If I have a gripe it’s my regular one – bloody camera phones! Ok, it was cute when they were waved around during the slow love songs but, trust me on this, you cannot take a decent photo of an act in an Arena on one from 100 yards away; you just can’t! Then of course there is the constant Social Networking malarkey that went on all night….stop it! Watch the bloody concert!


Oh; if I think about it the band could have shaved a good 15 minutes off the show by not dragging out their solos, especially the drummer’s solo on some pots and pans. It was funny for a couple of minutes but not 5!


I hold my hand up, basically I’m a music snob, just like the majority of people reading this review (be honest) and I’m certainly not a lover of gigantic Arena gigs, but this simple, noisy and rocking show completely won me over – I’m a convert, Bryan Adams is officially COOL!

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Tags: Adams, Bryan, Canadian, Rocker

Comment by Kyla Fairchild on December 2, 2011 at 6:04pm

Bob Lefsetz is beyond prolific with his blogging and so I don't get a chance to read all of them but I do try to read them as often as I can. Tonight he posted a blog about Bryan Adams and while I know it wasn't, it almost felt like a direct response to my question above.  Not that I agree with everything he says but I do tend to respect his opinion and his take on things.  It appears I need to dig a little deeper and give Bryan a chance.
Here's an excerpt from his blog: (Here's a link to the full post)

One of the problems with becoming ultra-successful, rolling the ball right up the middle for a strike, is that the naysayers take over public opinion, the hipsters that control the media, and you don't get your due.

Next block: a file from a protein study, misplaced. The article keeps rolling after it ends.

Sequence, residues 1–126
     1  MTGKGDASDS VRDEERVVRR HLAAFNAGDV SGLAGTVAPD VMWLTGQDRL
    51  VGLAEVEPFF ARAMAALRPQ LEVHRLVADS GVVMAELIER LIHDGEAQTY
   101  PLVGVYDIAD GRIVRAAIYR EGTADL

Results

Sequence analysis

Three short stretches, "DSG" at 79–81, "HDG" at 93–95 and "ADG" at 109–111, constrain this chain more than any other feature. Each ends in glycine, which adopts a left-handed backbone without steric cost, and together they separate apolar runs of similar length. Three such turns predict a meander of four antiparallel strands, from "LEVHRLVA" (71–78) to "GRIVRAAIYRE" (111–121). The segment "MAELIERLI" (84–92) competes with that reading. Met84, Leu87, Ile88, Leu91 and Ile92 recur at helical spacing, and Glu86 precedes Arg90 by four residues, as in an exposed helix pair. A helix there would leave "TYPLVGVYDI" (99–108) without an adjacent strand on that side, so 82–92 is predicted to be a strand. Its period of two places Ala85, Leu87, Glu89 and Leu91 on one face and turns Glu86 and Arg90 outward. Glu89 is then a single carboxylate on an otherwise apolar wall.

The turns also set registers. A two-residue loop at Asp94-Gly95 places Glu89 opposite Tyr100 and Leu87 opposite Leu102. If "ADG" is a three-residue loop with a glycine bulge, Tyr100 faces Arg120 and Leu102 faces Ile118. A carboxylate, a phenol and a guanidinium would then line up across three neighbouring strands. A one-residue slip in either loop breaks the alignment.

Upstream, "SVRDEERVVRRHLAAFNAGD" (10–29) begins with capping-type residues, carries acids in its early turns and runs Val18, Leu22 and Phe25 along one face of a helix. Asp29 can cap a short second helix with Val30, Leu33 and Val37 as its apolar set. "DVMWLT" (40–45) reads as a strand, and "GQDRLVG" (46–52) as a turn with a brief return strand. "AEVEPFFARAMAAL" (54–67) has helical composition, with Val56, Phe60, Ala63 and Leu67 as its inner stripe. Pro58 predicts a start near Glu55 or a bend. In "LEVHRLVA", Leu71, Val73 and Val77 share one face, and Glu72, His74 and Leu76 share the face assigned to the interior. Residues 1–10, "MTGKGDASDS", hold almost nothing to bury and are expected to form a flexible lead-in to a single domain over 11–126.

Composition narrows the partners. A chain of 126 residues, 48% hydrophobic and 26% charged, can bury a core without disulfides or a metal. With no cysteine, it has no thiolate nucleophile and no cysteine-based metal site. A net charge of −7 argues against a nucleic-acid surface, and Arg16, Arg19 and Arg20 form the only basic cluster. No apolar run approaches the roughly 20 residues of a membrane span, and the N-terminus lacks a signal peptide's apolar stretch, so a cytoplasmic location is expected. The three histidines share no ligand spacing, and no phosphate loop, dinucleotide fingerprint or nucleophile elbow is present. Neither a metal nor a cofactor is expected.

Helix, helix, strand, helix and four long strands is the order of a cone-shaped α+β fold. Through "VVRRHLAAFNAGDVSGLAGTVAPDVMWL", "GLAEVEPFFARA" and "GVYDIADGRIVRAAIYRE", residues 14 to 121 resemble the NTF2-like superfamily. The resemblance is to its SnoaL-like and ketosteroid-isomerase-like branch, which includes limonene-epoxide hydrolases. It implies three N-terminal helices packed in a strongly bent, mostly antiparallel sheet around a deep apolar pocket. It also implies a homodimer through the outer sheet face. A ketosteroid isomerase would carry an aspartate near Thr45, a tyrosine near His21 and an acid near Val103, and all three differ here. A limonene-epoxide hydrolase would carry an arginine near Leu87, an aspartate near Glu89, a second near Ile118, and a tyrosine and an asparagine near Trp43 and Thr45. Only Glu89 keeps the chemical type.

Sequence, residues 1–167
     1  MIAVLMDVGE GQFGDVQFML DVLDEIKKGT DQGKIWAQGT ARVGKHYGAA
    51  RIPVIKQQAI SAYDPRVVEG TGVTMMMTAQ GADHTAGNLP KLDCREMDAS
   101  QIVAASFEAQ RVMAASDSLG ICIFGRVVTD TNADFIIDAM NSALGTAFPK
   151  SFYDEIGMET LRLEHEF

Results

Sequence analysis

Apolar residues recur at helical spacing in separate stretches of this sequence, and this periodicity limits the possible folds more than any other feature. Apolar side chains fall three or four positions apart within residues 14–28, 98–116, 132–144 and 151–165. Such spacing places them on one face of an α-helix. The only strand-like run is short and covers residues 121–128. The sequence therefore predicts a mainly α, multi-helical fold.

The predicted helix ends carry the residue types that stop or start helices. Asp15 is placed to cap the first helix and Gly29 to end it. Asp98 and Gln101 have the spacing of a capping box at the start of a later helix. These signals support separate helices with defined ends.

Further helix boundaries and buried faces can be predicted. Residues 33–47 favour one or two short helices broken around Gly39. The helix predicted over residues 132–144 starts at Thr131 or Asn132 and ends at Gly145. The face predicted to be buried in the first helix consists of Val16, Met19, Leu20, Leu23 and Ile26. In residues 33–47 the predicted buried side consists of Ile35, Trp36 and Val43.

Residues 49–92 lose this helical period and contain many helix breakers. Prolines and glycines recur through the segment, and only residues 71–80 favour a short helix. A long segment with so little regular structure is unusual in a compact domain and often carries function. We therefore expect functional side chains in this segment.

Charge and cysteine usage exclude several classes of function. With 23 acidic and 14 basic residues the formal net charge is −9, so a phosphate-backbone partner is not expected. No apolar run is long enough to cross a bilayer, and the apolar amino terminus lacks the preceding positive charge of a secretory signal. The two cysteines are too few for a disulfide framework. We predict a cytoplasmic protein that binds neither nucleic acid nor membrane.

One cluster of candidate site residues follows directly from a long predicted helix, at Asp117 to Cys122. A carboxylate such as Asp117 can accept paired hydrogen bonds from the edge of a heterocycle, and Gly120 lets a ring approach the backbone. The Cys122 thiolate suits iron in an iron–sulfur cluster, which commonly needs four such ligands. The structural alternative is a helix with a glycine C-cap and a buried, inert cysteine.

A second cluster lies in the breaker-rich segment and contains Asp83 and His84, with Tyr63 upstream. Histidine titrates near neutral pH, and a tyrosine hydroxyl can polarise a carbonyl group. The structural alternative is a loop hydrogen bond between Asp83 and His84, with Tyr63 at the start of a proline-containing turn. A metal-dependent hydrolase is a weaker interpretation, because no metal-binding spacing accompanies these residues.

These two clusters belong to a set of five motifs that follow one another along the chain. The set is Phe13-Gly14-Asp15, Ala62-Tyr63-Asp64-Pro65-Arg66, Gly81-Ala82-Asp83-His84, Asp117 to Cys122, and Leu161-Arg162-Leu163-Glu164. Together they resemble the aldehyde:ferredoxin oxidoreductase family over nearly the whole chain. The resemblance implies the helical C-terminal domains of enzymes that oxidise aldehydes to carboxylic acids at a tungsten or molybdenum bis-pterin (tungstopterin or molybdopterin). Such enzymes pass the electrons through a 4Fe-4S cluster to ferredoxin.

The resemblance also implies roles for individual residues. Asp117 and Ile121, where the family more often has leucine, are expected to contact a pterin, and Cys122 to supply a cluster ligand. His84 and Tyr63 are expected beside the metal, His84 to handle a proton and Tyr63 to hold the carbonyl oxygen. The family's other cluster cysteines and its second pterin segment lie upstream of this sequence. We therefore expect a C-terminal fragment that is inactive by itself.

Bryan Adams has one of the best voices in rock and roll. Right up there with Rod Stewart. You believe he believes every word he's singing. There's this throaty element that conveys emotion, he's the opposite of the boasting rappers. It's become anathema to display weakness in our society, politicians cannot say they're wrong, sure, there are apologies, but they're momentary detours on the way back to winning. But life isn't like that, life is complicated, it's three-dimensional, sometimes you eat the bear, sometimes it eats you. When Bryan Adams sings, you hear all that. "Straight From The Heart" is a plea that evidences no misery, we're not turned off, we just want to say we feel the same way. And in this duplicitous world, that's exactly what we want and so rarely get, the story straight from the heart.

But the killer is the title cut, "Cuts Like A Knife".

Ain't that how it always is. At least with vinyl records. You drop the needle on your favorite cut, and suddenly the one after it, the one the album slips into when you can't lift the tonearm, ends up becoming your favorite.

"Drivin' home this evening
I coulda sworn we had it all worked out
You had this boy believin'
Way beyond the shadow of a doubt"

The calm before the storm. Just when you start to relax, when the fight is behind you...that's when you've got to worry.